Google Sheets Gets Analytics, Visualization Features

Designed to enable users to do more with their data, the new features give users more options for visualizing and analyzing data in their spreadsheets.

Google Sheets

Google is giving users of its Sheets software more options for visualizing and analyzing data in their spreadsheets.

Among the new tools Google announced Monday for analyzing spreadsheet data was one that allows users to preview formula results instantly, as users type the formula. Dan Gundrum, Google product manager, described the feature as unique to Sheets and said that it is designed to help users catch basic formula errors more easily than was previously possible.

Monday's update also allows Sheets users to filter rows and columns using qualifiers like "greater than" or "text contains" to filter out data that a user might not want to view in response to a query. The feature allows users to get only the dates, text and numbers they specifically need, Gundrum said.

In addition, Sheets users will now be able to add a calculated field to their pivot table that performs calculations based on the other data in the pivot field, he said. A GETPIVOTDATA function, meanwhile, enabled easier data retrieval from the pivot table, Google said.

In addition to the analytics tools, Google has also tweaked the data visualization support in Sheets. One example is a new "data labels" feature in Sheets that lets users display the exact value of points or bars in a spreadsheet. Another new feature lets users change the shape of their data points when using line or scatter graphs to display data graphically, Google said.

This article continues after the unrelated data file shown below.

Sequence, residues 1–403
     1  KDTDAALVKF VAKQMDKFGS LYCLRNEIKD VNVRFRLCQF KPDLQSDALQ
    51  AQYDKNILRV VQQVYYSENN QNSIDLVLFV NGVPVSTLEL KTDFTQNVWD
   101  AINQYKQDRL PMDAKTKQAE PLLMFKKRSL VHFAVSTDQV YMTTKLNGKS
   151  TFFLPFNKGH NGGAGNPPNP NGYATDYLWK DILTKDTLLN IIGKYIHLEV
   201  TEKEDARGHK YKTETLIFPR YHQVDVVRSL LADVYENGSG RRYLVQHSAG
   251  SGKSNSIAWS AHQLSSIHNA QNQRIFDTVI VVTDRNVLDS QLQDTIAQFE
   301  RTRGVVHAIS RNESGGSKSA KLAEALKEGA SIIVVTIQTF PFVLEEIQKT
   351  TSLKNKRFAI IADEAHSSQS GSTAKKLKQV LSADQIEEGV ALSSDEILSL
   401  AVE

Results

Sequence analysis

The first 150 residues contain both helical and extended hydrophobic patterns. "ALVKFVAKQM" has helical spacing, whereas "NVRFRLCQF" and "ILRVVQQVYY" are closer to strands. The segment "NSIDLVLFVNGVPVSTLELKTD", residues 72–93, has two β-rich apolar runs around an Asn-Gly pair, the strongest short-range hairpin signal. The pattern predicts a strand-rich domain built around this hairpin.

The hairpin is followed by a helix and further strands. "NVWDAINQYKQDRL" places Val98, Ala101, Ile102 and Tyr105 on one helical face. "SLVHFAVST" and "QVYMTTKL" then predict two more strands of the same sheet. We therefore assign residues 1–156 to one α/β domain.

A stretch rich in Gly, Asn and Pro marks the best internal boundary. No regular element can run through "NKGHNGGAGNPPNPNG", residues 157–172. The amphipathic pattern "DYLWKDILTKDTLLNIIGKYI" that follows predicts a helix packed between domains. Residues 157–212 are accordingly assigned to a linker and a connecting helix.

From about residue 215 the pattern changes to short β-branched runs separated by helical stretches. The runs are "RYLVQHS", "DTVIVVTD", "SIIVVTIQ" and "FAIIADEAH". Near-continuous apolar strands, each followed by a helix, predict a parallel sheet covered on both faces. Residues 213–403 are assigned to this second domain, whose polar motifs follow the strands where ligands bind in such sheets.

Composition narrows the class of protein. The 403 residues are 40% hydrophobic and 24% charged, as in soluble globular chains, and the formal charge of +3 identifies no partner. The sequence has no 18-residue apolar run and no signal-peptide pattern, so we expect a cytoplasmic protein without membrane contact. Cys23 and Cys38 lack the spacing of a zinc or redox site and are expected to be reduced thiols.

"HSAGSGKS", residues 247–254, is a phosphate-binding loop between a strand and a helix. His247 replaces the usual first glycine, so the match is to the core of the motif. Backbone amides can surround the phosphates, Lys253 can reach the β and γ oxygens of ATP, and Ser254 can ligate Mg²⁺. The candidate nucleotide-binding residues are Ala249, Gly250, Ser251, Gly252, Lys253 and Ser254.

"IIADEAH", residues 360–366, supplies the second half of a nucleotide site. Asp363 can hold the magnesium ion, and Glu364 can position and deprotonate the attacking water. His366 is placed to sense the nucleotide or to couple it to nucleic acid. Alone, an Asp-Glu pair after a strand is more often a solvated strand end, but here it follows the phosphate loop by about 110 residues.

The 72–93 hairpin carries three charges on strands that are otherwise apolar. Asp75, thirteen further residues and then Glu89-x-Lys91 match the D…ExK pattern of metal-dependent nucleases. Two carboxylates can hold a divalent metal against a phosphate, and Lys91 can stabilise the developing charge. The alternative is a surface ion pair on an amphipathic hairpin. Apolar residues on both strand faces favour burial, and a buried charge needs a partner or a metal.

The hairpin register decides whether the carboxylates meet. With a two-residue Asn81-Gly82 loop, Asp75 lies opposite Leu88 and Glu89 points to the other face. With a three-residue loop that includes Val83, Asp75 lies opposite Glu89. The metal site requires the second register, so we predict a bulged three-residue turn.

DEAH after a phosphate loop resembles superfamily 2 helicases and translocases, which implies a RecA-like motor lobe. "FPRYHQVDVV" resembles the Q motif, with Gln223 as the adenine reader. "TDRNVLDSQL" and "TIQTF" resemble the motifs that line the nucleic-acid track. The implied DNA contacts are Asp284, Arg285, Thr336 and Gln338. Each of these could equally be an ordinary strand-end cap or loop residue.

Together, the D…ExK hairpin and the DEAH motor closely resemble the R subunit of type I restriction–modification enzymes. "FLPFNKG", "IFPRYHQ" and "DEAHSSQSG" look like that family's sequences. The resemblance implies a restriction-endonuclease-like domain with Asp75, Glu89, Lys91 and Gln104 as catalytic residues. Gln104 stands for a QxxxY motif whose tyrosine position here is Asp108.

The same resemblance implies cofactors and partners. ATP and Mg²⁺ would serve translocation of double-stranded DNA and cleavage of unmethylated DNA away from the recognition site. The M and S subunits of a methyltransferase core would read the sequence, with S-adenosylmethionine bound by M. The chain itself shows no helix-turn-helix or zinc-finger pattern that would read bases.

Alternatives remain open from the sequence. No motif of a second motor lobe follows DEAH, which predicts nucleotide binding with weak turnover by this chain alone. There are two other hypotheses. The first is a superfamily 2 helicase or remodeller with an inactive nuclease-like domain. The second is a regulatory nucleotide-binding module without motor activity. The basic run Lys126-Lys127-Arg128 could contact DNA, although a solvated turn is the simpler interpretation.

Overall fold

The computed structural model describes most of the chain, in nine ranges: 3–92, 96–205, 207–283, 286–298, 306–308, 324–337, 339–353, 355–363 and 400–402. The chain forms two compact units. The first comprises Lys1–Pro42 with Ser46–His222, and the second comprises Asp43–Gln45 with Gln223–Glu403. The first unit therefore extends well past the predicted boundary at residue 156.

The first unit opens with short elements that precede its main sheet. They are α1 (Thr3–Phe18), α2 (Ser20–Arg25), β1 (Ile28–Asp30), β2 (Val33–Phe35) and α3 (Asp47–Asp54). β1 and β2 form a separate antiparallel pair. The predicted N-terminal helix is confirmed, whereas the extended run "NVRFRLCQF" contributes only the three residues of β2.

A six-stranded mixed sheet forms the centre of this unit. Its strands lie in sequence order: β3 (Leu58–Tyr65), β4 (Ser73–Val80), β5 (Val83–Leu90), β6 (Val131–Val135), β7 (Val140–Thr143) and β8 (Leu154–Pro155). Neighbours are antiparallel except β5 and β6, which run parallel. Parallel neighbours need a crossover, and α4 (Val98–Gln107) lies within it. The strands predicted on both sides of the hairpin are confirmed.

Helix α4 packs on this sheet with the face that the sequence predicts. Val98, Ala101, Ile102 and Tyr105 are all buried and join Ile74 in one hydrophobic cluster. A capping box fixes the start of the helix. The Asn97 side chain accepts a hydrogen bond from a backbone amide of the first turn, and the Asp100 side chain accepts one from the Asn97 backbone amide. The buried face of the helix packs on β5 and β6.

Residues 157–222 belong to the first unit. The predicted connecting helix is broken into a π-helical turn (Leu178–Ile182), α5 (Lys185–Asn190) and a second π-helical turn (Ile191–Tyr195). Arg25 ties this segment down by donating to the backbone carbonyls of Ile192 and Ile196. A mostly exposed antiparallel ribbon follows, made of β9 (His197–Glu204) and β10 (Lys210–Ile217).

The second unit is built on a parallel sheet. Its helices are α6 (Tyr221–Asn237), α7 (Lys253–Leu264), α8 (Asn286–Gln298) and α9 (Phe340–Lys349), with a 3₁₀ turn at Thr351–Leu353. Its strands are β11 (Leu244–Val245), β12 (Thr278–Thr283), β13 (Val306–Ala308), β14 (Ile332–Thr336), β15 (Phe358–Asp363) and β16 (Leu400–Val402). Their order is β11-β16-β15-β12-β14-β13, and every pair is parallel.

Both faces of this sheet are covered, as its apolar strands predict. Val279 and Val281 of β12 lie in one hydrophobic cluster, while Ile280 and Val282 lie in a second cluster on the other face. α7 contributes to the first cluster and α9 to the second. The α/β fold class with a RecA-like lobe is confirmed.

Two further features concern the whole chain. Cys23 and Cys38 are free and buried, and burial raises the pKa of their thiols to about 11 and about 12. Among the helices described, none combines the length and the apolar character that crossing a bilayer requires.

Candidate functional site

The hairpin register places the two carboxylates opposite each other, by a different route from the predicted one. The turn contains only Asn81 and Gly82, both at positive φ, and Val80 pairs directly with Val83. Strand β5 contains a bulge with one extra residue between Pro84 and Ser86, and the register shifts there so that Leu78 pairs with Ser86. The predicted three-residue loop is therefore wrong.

"Charts can make even the largest data sets digestible, so we've made a few improvements to help you highlight what's most important," Gundrum said.

The updates appear to be an effort by Google to make Sheets and its Google Apps, in general, more interesting to enterprise users. Though Microsoft's Excel and Office 365 suite as a whole is generally thought of as offering more features and performance than Sheets and Google Apps, Google itself has been trying to attract users willing to exchange some of the performance benefits of Microsoft technology for the substantially lower costs associated with its office productivity suite.

While the approach worked initially, with many analysts touting Google Apps as a threat to Microsoft's software, in recent times, the momentum appears to have shifted back to Microsoft.

Microsoft CEO Satya Nadella's push to implement Office 365 as a cloud-hosted service has begun garnering increasing attention and market traction.

Jaikumar Vijayan

Jaikumar Vijayan

Vijayan is an award-winning independent journalist and tech content creation specialist covering data security and privacy, business intelligence, big data and data analytics.